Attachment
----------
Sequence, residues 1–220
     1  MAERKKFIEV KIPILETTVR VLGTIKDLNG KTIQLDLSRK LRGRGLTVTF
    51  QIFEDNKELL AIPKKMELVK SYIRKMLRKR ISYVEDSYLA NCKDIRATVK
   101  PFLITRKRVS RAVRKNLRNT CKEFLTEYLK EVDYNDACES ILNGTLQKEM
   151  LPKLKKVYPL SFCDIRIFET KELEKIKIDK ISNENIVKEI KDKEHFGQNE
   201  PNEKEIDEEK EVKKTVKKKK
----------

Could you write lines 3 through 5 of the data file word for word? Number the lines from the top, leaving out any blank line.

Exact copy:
    51  QIFEDNKELL AIPKKMELVK SYIRKMLRKR ISYVEDSYLA NCKDIRATVK
   101  PFLITRKRVS RAVRKNLRNT CKEFLTEYLK EVDYNDACES ILNGTLQKEM
   151  LPKLKKVYPL SFCDIRIFET KELEKIKIDK ISNENIVKEI KDKEHFGQNE